Well. It’s another decade. My gosh, how did that happen?
In my mind it’s still 2015 and Uptown Funk! was just released.
This time of year is all about new resolutions and goals. You know, the blah blah.
Usually, the new resolutions do not last.
One study determined that four out of five people eventually break them. In many cases, the dreams cough, splutter and die.
We’d like things to happen instantly, like cooking Mr. Noodles and five second bacon. However, meaningful change takes time.
What do I want for this year? I don’t know.
I do have goals, such as my list of 30 accomplishments beside my desk as I turned 30 last summer. According to the list, I have until my next birthday to finish the challenges.
Some of the tasks include making 30 croissants from scratch, writing 30 poems, dancing 30 times in public and having a moustache for 30 days.
Let’s just say there’s been a couple bumps in the road.
I’m behind on my tasks. But my birthday isn’t until July! There’s time.
If I finish the tasks, will I be different? Probably not, just more haggard. But it’s about the journey, isn’t it?
However, while I write this column, thinking about the year to come, my Facebook pings. The Edson Leader, a newspaper owned by Postmedia that has operated for 109 years is closing its doors. Effective next week.
I worked there the summer before last and it was my first job at a newspaper.
Ed Moore, a reporter had worked there since the 1980s, watching the office slowly whither away.
Twelve years ago, the office had roughly 15 employees. When I worked there, it was reduced to four. Since then, more employees continued to drop, like petals from a dying flower.
Last year, a study found that when local newspapers shrink, fewer people bother to run for mayor, making it more likely for incumbents to stay.
The study furthered that newspapers increase voter turnout, reduce government corruption, make cities financially healthier, and make citizens more knowledgeable about politics.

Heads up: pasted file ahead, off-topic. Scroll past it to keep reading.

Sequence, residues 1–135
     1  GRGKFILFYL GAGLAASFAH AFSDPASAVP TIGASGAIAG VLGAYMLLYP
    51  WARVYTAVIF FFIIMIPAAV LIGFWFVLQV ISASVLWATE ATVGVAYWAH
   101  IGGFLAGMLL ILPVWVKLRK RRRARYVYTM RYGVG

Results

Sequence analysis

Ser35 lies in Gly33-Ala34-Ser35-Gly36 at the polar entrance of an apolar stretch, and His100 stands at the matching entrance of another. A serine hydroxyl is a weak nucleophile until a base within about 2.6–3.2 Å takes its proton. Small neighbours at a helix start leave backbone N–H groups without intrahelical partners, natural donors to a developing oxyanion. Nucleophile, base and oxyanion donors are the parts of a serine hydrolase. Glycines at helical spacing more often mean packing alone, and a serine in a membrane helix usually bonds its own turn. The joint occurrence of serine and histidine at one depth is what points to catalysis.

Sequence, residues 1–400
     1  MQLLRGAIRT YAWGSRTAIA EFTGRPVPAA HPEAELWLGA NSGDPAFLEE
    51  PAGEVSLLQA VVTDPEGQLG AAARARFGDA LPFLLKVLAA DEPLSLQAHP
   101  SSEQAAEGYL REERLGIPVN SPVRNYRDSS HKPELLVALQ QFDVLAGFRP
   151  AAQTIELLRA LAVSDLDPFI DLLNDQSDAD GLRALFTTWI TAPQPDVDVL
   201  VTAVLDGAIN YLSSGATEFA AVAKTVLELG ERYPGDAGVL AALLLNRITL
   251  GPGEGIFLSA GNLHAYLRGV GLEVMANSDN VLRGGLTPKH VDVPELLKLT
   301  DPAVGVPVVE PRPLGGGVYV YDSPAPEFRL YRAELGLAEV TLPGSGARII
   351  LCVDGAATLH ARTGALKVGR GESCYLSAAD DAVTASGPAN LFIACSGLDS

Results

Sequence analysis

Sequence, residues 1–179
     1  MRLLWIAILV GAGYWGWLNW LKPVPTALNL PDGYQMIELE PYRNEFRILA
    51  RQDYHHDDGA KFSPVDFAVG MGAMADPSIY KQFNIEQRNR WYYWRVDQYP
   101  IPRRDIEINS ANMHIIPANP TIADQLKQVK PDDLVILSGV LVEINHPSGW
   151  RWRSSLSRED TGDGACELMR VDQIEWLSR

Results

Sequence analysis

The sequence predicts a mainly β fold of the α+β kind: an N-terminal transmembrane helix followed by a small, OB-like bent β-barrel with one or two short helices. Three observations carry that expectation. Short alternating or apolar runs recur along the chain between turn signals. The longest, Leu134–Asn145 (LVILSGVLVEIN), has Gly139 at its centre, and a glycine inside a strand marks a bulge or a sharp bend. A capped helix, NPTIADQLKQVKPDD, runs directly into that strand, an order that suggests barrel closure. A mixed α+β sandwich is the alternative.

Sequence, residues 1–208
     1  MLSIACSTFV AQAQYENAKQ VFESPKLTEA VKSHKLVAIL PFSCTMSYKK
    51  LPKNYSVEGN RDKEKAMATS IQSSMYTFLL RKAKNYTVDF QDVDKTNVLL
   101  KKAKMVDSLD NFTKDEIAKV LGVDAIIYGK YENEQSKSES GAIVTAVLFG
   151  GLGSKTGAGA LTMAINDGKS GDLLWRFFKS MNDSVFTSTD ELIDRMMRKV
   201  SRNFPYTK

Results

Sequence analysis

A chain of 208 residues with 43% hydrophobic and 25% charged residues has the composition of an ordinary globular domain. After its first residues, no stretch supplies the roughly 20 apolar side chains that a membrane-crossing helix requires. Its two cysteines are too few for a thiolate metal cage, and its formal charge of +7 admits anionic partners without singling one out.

It’s no secret, the news industry isn’t doing well. However, when a newspaper closes, it isn’t the same as a restaurant or gas station disappearing.
It’s the loss of information and the death of public records.
Revelstoke is lucky. It has a few media outlets, including the Review, the Mountaineer, the Current, StokeFM and EZ Rock Revelstoke.
Financially, each outlet probably doesn’t benefit from the competition. However, the citizens do.
News agencies feed off one another, getting ideas and building upon the competitions’ articles. Sometimes, one misses a story and hopefully it’s picked up by another.
In the end, the people are more informed.
However, one publication in Revelstoke just produced its last — Reved Quarterly. The magazine says it’s due to time constraints and environmental issues.
It will continue, just in a much smaller format. The last issue was its 60th for the magazine established 15 years ago.
It may not be as glamorous, but in many cases community news is more important than national.
It’s stories about your neighbours, your city’s successes and your city’s failures.
It’s heart wrenching when people share Revelstoke news, but not from a Revelstoke news agency. Supporting local goes beyond the farmers’ market.
There was a time when news wasn’t free. People paid for it, however, the internet changed that.
Now there’s an expectation. A lady came in last week, complaining about the price of the paper, which is $1.25. For comparison, the local Starbucks charges $3.10 for a medium coffee.
We’re cheaper than a morning brew.
If you care about information and you’re still looking for a New Year’s resolution, perhaps make it to support local news.
If you don’t like the Review, fair enough. At least, support the other news agencies in town as they all do an excellent job and always keep us on our toes.
Whatever news you like to consume and if you want that to continue, support it.
Because it may not last, much like your ambition to eat less sugar and read more books.